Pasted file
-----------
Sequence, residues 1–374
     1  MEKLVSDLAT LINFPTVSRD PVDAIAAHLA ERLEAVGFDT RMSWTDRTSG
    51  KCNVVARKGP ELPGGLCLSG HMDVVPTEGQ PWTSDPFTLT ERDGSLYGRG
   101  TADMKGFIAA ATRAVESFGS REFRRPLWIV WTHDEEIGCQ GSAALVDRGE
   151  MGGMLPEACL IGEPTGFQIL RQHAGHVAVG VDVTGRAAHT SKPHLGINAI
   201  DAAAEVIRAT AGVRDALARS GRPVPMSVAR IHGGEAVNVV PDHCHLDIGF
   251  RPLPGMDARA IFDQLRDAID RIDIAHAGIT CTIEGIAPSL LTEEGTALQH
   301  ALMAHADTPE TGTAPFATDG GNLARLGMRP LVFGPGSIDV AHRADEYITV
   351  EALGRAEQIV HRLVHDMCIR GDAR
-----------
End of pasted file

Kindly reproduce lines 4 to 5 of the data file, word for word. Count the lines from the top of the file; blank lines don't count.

   101  TADMKGFIAA ATRAVESFGS REFRRPLWIV WTHDEEIGCQ GSAALVDRGE
   151  MGGMLPEACL IGEPTGFQIL RQHAGHVAVG VDVTGRAAHT SKPHLGINAI